Wellington Airport earnings 'excessive', regulator says

By Paul McBeth

Nov. 2 (BusinessDesk) - Wellington International Airport, which is co-owned by Wellington City Council and Infratil, has "excessive" earnings targets that aren't being pulled down by stricter disclosure rules, according to the Commerce Commission.

The antitrust regulator estimates the airport's pricing will achieve a return on investment of 10.18 percent in the period between 2013 and 2017, above the hub's own 9.5 percent target and above the 7 percent to 8 percent range the commission deems "reasonable." The finding comes in the regulator's draft report to the Ministers of Commerce and Transport on how well disclosure rules are promoting regulation for the airport.

"Our draft findings are that the information disclosure regime is working well in some areas, but it is not limiting Wellington Airport's ability to extract excessive profits," deputy chair Sue Begg said in a statement. "Either figure significantly exceeds our estimate of a reasonable rate of return, which we base on our cost of capital input methodology."

Wellington Airport has been accused of price gouging in the setting of its air service charges, with national carrier Air New Zealand flagging a $200 million lift in landing fees over the coming five years.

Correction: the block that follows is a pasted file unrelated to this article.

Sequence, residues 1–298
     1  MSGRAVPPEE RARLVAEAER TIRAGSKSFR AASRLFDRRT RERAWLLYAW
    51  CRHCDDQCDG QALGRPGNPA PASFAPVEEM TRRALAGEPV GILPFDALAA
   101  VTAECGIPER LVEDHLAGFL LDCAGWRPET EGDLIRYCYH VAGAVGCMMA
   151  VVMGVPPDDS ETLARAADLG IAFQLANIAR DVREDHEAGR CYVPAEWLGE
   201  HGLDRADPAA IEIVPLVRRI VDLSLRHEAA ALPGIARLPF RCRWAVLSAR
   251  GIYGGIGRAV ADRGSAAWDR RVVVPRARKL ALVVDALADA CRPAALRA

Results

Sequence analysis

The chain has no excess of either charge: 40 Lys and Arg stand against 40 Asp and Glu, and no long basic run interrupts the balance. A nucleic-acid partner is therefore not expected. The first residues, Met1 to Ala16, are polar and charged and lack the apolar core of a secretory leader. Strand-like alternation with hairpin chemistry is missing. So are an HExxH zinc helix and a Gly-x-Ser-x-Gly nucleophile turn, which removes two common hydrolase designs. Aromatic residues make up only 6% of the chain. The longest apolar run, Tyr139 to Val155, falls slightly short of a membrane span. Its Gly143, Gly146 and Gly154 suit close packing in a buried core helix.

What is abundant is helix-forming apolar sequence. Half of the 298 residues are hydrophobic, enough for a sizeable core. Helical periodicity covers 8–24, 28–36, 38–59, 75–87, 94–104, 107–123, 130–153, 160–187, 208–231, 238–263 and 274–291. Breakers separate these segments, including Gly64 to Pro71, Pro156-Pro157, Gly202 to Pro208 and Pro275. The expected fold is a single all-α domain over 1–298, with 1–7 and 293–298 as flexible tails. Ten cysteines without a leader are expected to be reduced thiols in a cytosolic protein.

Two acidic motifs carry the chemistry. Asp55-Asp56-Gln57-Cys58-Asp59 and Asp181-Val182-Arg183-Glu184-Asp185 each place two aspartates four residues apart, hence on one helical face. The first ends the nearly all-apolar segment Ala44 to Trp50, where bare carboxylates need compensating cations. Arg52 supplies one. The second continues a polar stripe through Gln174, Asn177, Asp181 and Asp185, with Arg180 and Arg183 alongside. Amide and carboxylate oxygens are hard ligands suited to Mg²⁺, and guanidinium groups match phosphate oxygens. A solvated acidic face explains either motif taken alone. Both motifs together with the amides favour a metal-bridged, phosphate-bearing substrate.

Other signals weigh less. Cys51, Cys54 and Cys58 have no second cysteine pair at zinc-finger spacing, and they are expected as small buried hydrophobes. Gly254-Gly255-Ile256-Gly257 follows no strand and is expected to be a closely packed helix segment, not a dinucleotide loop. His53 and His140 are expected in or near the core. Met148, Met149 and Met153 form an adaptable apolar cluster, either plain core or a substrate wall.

The commission put the excessive profits down to Wellington Airport's use of its own methodology to revalue assets without fully accounting for gains in fair value and targeting a higher cost of capital that could be expected if it faced workable competition.

"Information disclosure regulation has had a positive impact on quality and on how Wellington Airport collects revenue for different services and from different customers," Begg said. "Innovation levels also seem appropriate, and there has been less dispute about forecast investment for this next pricing period relative to the previous period."

Half-owner Infratil expects capital expenditure at the airport to increase over the coming five years, form the existing annual average of between $20 million and $25 million as it looks to build peak-time capacity and broaden the range of services available.

The regulator is required to report to the ministers of commerce and transport as soon as possible after airports re-set their prices, and expects to make a final report to the ministers on Dec. 21. Reports for Auckland and Christchurch airports are due next year.



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